Thursday, July 01, 2010

Genetics of Longevity

The latest issue of Science has this important study on the importance of genetics for healthy aging. Here is the abstract:

Healthy aging is thought to reflect the combined influence of environmental factors (lifestyle choices) and genetic factors. To explore the genetic contribution, we undertook a genome-wide association study of exceptional longevity (EL) in 1055 centenarians and 1267 controls. Using these data, we built a genetic model that includes 150 single-nucleotide polymorphisms (SNPs) and found that it could predict EL with 77% accuracy in an independent set of centenarians and controls. Further in silico analysis revealed that 90% of centenarians can be grouped into 19 clusters characterized by different combinations of SNP genotypes—or genetic signatures—of varying predictive value. The different signatures, which attest to the genetic complexity of EL, correlated with differences in the prevalence and age of onset of age-associated diseases (e.g., dementia, hypertension, and cardiovascular disease) and may help dissect this complex phenotype into subphenotypes of healthy aging.

CNN has the scoop here. A sample:

If celebrating triple-digit birthdays sounds appealing, scientists may be able to determine if you're likely to live that long.

Researchers from the Boston University Schools of Public Health and Medicine and the Boston Medical Center have identified genes associated with living longer. They also predicted using genetics alone many of those among study participants would be a centenarian. Their results will be published in the journal Science.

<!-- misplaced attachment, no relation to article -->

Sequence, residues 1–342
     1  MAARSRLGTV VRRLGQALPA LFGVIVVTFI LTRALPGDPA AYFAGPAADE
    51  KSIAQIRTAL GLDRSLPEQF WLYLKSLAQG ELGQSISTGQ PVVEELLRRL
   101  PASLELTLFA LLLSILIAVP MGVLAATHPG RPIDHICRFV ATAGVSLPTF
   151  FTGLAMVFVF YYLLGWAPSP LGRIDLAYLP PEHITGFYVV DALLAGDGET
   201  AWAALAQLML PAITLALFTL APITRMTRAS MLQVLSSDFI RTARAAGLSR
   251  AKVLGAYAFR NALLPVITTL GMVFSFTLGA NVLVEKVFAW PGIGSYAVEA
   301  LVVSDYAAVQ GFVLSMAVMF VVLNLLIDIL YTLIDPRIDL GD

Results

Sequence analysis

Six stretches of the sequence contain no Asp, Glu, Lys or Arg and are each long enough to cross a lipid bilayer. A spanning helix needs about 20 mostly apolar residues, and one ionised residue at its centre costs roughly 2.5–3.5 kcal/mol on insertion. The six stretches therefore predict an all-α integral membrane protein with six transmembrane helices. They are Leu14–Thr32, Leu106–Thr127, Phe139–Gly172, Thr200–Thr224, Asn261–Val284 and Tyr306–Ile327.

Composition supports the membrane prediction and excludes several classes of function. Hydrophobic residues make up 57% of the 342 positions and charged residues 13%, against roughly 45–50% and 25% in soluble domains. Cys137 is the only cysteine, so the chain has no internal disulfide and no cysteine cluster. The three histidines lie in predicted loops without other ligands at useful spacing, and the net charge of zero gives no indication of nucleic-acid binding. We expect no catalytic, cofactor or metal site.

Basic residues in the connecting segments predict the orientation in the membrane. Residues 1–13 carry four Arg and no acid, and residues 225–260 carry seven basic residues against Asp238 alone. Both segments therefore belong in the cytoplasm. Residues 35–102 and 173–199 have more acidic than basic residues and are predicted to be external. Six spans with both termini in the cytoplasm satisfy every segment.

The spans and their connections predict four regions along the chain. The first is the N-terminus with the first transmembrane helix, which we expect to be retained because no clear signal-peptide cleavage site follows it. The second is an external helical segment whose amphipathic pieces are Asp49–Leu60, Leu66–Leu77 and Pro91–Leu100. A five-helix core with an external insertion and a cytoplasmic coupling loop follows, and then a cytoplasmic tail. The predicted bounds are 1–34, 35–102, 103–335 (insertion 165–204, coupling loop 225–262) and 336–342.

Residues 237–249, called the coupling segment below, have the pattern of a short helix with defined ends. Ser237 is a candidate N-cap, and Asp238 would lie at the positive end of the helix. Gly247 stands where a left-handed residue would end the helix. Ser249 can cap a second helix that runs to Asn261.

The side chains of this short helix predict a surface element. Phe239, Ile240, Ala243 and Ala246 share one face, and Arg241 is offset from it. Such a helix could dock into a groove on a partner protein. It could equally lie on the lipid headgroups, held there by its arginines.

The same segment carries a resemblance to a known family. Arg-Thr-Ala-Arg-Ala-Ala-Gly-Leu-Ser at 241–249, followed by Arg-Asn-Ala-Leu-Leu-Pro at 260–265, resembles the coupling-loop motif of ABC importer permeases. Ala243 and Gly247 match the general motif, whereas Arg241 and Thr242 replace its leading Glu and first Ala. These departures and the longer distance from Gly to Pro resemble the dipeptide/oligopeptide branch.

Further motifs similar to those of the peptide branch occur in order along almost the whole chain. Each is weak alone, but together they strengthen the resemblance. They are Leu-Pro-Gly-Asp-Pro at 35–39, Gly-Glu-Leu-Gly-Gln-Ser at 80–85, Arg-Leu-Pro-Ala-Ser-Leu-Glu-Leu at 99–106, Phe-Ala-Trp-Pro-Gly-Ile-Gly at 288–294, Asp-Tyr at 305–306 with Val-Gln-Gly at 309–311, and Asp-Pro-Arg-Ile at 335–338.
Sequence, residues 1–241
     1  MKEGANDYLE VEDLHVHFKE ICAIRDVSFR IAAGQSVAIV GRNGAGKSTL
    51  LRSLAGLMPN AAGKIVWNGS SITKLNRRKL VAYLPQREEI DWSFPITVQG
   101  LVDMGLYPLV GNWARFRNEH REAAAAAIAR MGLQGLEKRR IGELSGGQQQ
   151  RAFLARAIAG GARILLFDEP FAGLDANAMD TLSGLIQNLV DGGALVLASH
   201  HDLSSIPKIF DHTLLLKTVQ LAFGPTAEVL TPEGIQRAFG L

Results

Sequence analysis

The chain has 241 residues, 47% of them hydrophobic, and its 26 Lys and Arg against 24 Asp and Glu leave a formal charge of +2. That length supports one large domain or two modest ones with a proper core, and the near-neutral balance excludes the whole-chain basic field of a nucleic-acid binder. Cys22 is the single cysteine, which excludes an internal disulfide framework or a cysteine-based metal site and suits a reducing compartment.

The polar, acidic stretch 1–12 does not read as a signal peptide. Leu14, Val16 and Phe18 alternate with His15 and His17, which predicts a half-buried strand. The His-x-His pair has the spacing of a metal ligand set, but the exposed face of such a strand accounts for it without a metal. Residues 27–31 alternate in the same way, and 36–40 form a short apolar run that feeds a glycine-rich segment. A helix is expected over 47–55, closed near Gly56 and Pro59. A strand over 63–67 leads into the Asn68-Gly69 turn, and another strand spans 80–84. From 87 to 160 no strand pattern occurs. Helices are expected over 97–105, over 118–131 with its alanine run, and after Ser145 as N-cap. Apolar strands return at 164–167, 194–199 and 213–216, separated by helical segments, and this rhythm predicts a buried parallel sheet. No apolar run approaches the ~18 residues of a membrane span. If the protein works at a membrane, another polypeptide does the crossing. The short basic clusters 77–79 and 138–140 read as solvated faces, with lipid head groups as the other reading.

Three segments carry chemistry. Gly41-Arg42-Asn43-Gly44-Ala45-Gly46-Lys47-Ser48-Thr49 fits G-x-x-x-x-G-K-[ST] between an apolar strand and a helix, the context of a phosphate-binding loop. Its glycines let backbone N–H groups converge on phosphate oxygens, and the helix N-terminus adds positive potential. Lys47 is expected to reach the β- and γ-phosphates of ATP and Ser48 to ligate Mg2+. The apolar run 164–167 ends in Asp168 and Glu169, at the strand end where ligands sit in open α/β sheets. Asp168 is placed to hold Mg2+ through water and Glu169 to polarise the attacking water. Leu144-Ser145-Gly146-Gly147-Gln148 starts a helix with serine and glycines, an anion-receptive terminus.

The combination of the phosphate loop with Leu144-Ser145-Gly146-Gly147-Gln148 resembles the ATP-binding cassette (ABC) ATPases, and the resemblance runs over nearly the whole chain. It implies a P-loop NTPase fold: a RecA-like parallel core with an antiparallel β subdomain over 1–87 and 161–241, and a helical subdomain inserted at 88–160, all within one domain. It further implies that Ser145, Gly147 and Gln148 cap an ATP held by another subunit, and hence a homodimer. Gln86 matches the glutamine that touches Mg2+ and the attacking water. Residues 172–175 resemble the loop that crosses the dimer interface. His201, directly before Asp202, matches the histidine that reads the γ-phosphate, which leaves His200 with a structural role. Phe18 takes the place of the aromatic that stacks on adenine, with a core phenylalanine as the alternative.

"Could these signatures tell a physician and their patient who's going to be at increased risk for a particular disease sooner, and can this lead perhaps to interventions that might help them? I think that's a possibility down the road," said co-author Dr. Thomas Perls of Boston Medical Center, in a press conference.

....Using their genetic model, researchers found they could predict with 77 percent accuracy who would live to be 100 or higher based on genetics alone in the sample.

"This is very important information that should make anybody aware that if we are going to find genes that are protecting us from aging, it is not an impossible mission," said Dr. Nir Barzilai, director of the Institute for Aging Research at Albert Einstein College of Medicine in the Bronx, New York, who was not involved in the study.